WARNING: This review will contain instances of the D-word. You have been warned. Seriously.
Every once in a while, a game mechanic just blows up. Perhaps worker placement is your thing or you’re a fan of the rondel but this year? Well, this year, you can’t move for deck-building. Who knows why it’s become so ubiquitous, but there are plenty of games out there that use it – and of course it all started with Dominion. The game that began it all exploded onto the scene, picking up the 2009 Spiel des Jahres (as well as countless other accolades). This, of course, made other designers and publishers sit up and notice – how could they integrate deck building into their new release schedules? There are plenty of other titles out there that use it but the question is… are they any good?
The trick is to make your game different enough so the public can warrant buying it. Will plastering on a new theme be enough, or should new mechanics be introduced at the risk of over-complication? Thankfully, with AEG’s Thunderstone, a bit of thought was put into the game’s development meaning that both can co-exist happily in my collection. Before I explain why though, let’s have a bit of background…
Thunderstone sees between two and five players taking on the role of… well… co-ordinators? Middle managers? Whatever you call yourself, you’re trying to put together a squad of people to enter a dungeon, defeat a whole bunch of beasties and take control of a mystical all-powerful stone. Starting off with a mediocre bunch of cards, you deal yourself a hand and spend the gold marked on them (yes, like in Dominion…). Use the cards, discard them, deal another hand… sound familiar? However, in this game you get to make a few more choices – remember, you’re on the hunt for monsters, so instead of collecting areas of land you need to hire yourself some mercenaries. Thunderstone has a variable set-up, giving you a selection of thugs, brigands and magic users to send against the bad guys. You’ve also got to arm them (with weapons or spells) while considering their strength – no point giving a huge heavy weapon to someone who’s unable to carry the damn thing.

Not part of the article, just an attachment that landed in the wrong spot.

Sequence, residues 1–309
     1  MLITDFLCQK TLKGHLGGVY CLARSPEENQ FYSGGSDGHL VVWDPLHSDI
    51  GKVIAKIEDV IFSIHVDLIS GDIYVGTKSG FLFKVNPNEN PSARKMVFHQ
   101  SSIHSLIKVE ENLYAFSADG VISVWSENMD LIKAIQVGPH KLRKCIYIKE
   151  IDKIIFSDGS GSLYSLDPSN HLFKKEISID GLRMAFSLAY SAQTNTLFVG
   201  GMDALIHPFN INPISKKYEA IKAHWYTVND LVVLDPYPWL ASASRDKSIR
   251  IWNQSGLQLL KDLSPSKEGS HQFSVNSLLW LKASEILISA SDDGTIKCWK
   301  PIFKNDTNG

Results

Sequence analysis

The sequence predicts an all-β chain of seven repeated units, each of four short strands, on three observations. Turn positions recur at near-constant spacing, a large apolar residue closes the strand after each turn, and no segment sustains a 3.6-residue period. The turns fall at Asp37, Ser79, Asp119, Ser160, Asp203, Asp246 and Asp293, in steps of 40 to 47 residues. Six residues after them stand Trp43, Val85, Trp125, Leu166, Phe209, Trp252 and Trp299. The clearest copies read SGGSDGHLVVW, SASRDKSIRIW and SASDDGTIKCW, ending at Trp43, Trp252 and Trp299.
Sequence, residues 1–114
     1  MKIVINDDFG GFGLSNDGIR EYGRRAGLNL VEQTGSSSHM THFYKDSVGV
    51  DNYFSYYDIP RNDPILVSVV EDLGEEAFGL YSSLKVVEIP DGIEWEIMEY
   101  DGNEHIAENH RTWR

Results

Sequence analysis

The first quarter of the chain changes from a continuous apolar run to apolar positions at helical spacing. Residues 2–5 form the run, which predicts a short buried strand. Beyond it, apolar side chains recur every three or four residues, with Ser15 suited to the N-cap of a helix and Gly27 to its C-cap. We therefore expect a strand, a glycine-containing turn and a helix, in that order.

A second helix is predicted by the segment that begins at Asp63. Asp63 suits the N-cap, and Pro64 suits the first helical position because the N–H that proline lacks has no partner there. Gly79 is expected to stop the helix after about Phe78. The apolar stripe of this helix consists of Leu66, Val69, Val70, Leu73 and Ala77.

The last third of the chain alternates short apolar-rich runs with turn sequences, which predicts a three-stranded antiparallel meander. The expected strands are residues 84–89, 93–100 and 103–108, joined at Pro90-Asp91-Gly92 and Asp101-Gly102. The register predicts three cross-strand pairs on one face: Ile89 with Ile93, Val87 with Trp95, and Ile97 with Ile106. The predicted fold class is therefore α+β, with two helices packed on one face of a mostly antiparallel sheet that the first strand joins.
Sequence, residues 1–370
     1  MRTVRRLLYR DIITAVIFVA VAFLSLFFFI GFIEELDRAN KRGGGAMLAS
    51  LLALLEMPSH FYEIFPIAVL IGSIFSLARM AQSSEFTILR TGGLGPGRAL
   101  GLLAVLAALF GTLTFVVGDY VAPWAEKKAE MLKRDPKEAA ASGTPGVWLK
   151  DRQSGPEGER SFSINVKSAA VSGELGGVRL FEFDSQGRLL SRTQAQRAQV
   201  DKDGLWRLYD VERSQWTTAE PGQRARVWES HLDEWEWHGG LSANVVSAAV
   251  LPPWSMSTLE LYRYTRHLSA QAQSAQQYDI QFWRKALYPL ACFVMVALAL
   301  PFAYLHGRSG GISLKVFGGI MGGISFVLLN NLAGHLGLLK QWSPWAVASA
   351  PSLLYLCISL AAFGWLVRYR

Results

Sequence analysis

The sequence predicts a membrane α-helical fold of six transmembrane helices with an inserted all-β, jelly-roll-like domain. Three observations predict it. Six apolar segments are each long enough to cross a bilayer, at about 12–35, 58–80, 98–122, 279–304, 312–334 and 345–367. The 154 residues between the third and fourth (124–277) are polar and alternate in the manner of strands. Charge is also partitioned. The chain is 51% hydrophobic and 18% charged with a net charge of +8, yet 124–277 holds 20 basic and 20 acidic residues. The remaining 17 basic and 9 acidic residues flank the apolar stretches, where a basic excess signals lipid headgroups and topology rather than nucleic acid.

Buying this stuff is all well and good, but eventually you’re going to have to go fight. While setting up the game, you choose the types of monsters you’re going to go up against, shuffling them into what’s called the Dungeon Deck. Take ten cards off the deck, stick the Thunderstone card in there, randomize them and put them at the bottom of the deck – then you’re ready to go. The top three cards are taken off at the start of the game to represent the layers of the dungeon, which introduces another interesting aspect of the game – light. As well as being tooled up enough, you need to be able to see! Some items (and people) give you light bonuses, meaning you can venture further into the dungeon. If you don’t have enough light your warriors will be at a disadvantage, so there’s a lot to think about before you start fighting. Each time a monster is beaten, it goes to your discard pile – the others move closer to the ‘entrance’ and a replacement is flipped into the third position. You also gain XP for beating monsters which can be used to level up your characters – another really interesting touch. You can tell that designer Mike Elliot has played the occasional video game.